I did not need my music since the busking accordionist was doing a swell job, paying medley after medley, he is actually a very accomplished musician, you will see and hear him all over Fife, today he was the roundabout when all were attracted to the swings, not a penny dropped in his hat during the two hours I spent there.
I did have three people came for a blether and a lot of photographs were taken, so hopefully a photo or two on social media.
One woman (I have seen her at the Tory stall during the 2016 election, she certainly was clicking away with her camera, so I can expect competition from now on, of course, they will have all the expensive signs and banners.
I did a few circuits of the town, just to fly the flag,
One guy waiting outside the coffee shop, starting jeering and shouting “Idiot” my message is getting through and clearly they don’t like it, worrying times for all the main parties, including the SNP.
Oor Nicola earlier today made a statement, telling the press that she did not believe Alex Salmond and the Alba party should feature in any further debate, the girl certainly believes in democracy. She must know that she is only in her post by the grace of the Yes voters in Scotland, and their patience is growing very thin indeed. The endless road she has taken them on for Indiref2. Their support is waning, she thought her popularity would gift her a further 5 years as First Minister, no wonder she is not best pleased with the Alba party. A woman’s scorn knows no bounds.
Well the gauntlet has been thrown down in St Andrews, they know we are here now, and I intend to keep up the pressure, as the days count down to what will be a defining election for Scotland.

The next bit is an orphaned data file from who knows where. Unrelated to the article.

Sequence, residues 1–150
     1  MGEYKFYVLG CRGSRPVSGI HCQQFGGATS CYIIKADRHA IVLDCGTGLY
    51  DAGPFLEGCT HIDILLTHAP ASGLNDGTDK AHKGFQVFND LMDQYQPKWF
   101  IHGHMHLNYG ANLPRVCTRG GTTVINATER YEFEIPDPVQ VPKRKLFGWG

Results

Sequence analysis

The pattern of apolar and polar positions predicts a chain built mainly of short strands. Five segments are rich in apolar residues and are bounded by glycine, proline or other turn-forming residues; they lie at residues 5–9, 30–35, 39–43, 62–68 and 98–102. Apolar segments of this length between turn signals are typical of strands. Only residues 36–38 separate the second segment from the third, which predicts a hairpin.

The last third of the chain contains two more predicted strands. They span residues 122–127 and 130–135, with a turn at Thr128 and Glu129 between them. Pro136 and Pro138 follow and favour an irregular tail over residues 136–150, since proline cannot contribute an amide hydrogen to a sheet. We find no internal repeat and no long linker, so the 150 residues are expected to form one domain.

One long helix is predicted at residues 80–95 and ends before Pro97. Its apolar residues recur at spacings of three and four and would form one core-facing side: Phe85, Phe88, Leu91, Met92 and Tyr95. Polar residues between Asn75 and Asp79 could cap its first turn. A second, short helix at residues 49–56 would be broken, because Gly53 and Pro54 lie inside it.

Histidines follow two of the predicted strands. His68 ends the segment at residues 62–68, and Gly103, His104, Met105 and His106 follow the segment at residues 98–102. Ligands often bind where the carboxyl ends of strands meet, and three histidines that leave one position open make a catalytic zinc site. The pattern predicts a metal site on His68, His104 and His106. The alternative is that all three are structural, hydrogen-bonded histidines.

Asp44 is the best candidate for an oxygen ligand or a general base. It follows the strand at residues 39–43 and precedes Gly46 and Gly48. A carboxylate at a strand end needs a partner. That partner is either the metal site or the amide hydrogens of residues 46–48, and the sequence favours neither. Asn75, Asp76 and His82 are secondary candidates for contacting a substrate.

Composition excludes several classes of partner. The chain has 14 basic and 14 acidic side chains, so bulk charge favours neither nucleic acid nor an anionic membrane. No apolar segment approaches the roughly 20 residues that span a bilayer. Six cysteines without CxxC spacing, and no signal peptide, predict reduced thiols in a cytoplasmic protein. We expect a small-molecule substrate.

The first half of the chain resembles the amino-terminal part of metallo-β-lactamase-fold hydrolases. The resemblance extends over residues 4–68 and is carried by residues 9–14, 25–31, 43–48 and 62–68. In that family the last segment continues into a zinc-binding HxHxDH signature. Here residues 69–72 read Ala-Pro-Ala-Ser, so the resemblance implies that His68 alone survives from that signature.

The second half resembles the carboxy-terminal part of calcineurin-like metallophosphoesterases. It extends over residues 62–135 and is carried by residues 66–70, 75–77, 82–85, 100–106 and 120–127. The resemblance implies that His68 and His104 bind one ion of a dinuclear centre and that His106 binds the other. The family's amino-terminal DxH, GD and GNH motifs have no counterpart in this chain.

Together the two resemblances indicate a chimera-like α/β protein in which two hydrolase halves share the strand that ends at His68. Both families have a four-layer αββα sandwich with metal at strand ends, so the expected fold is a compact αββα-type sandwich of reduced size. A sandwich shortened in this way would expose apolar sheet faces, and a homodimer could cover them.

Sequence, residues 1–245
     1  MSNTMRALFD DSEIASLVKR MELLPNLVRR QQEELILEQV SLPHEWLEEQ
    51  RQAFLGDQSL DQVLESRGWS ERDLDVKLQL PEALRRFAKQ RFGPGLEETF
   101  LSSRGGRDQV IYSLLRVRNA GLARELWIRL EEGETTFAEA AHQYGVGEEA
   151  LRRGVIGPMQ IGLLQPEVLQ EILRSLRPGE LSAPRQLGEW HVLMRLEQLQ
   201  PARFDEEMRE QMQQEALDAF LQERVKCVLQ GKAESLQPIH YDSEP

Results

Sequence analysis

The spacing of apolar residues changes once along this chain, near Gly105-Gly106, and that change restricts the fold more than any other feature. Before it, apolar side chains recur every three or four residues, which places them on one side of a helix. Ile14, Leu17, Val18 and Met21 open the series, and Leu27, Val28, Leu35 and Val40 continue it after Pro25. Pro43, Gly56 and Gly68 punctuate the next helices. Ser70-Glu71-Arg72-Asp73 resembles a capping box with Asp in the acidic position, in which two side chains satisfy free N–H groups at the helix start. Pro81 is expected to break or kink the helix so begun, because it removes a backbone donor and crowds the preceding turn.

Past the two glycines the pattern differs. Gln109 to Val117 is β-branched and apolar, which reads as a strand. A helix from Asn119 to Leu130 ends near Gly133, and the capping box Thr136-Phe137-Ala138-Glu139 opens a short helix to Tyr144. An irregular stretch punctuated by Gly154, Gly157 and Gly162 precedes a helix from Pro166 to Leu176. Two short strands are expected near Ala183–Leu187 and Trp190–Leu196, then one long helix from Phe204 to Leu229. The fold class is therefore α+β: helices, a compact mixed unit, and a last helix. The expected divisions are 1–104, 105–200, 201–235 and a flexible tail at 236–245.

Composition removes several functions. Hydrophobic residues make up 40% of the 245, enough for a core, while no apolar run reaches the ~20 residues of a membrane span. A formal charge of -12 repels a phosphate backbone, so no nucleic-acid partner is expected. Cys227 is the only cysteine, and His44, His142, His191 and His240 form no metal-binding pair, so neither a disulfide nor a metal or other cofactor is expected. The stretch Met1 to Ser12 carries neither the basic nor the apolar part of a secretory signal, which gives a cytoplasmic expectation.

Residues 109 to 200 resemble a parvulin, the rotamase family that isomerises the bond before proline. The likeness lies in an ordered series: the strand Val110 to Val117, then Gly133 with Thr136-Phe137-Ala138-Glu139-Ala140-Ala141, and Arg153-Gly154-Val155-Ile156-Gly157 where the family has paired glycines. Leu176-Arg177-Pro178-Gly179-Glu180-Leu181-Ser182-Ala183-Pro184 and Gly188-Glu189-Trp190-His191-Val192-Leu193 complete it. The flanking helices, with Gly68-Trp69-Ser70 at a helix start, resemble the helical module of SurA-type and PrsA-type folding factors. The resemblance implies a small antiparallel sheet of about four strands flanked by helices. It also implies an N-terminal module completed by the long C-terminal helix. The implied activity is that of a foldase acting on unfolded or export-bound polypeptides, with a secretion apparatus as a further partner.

Friday was another fine day, weather-wise, I spend most of the day finishing up all my wee jobs, since we are now into campaign mode, and time will be scarce. First Blake 7 a new stand for her television, I suppose it does save space rather than have it sitting on a table or television cabinet, since our living rooms are not overly big.
This time I decided to read the instructions first, when every move is being watched best not to look like an idiot.
Then came the plant pot stand for the garden, I decided to modify the rocking boat (plant stand) since it was starting to look a bit shabby. As it turned out this took a lot less time than building up the flat pack television stand.
I looked up from my work to see the flowering cherry tree in blossom, it was like magic, one moment it was just a tree, next it was a glorious joy to behold.
At the moment I am having to bring the young plants in at night and take them out in the morning, since the clear skies bring a keen coldness during the hours of darkness, even a ground frost. Better to be safe than sorry.
The early evening was taken up with preparing the trailer for tomorrows campaign road trip. Rather than take my tools up to the old kitchen, for you will always need a tool you never brought with you, it would be easier to bring the trailer down to the flat, where all my tools were to hand. I cleared a space in the living room and drilled and bolted the two sideboards on. They certainly improved the whole look of the trailer.